In her bid to be California’s Secretary of State, Republican candidate Rachel Hamm has the backing of some of the leading lights in the Trump movement. She has the endorsement of MyPillow CEO Mike Lindell, former Trump national security adviser Michael Flynn and Steve Bannon called her part of a “rising generation of superstars.”
But Hamm’s new allies often fail to mention her role battling in what she imagines as a ceaseless war with Satanists and witches.
Hamm has claimed that devil-worshippers sacrificed animals and performed other occult rituals in front of her house. But she isn’t without her defenses, saying that her prayers also inspired the murder of a witch in her neighborhood.
Hamm laid out some of her beliefs about a real-life battle between devil-worshippers in an Oct. 7 event at Fresno City College hosted by Turning Point USA. Hamm claimed the neighborhood surrounding the community college was “known for having a lot of Satanic activity,” which she experienced herself when a devil-worshipper murdered a raven on her own lawn.
“The day that I moved into that house, someone from the Satanic community came to my house with a black raven in his hand, and he twisted off the neck of the bird and let the blood spill out onto my property to claim my property and assert the power of Satan over my home,” Hamm said.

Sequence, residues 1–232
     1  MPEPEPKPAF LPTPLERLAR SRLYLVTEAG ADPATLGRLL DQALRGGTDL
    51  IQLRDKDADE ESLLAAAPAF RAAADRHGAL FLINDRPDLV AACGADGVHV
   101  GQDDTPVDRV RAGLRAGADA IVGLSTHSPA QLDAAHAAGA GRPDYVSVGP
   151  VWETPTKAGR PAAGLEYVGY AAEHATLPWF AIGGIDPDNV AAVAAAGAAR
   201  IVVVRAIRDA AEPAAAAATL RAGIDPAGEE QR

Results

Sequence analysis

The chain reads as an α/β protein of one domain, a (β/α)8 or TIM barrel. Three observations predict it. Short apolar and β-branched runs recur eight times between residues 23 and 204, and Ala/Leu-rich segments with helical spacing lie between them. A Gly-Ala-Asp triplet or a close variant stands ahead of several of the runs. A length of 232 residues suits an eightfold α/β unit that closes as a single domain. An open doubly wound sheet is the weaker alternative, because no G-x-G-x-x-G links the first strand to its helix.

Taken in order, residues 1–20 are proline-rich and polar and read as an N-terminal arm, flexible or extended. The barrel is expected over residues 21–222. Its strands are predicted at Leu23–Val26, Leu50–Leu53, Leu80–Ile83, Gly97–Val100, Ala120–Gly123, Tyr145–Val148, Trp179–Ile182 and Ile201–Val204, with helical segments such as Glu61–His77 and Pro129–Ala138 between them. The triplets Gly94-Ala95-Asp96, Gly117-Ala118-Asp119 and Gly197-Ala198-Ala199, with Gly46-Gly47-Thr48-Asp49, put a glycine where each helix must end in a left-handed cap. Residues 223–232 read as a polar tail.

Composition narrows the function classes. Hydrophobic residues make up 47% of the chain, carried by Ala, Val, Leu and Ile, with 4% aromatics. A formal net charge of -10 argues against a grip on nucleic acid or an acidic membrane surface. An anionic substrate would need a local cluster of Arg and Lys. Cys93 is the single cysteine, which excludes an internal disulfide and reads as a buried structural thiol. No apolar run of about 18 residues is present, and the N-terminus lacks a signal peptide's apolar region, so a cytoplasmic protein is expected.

Hamm’s travails with the supposed Satanists weren’t over, though. Later in her speech, Hamm claimed that the Satanists drove a metal stake into her property to claim it for the devil.
“I learned a lot about how Satan works, about how the forces of evil work,” she said.
Hamm’s bid for secretary of state—unlikely to succeed in the liberal state—reflects a grassroots GOP focus on elections office amid false allegations that Joe Biden stole the election. Hamm has claimed that Donald Trump, who lost California by nearly 30 points, would have won the state in 2020 if not for voter fraud. And endorsements from prominent Republicans like Flynn and Lindell, in spite of her extreme beliefs, mark a GOP willingness to court the party’s most bizarre fringes.
Hamm’s encounters with Satanists have gone beyond the alleged raven-sacrifice. In her 2017 memoir, Hamm claimed she attended a daycare as a child that was later revealed to be a front for Satan worshippers. Hamm’s supposed daycare experience echoes the claims about supposed Satanic daycares that fueled the “Satanic panic” in the 1980’s and 1990’s.
“This was a Satanic coven claiming to be a preschool so they could train children in Satanic rituals,” she wrote.
Hamm has kept up her feud with witches and Satanists, even sending her son to a “Haunted Forest” last year to investigate Satanic influence. In a video posted to her YouTube channel, Hamm claimed her son witnessed demons lurking to take possession of the thrill-seekers.
But Hamm’s most dangerous brush with witches came during the witch-murder incident. As she explained October speech in Fresno, Hamm was on a trip with her husband when she had a dream about someone murdering her.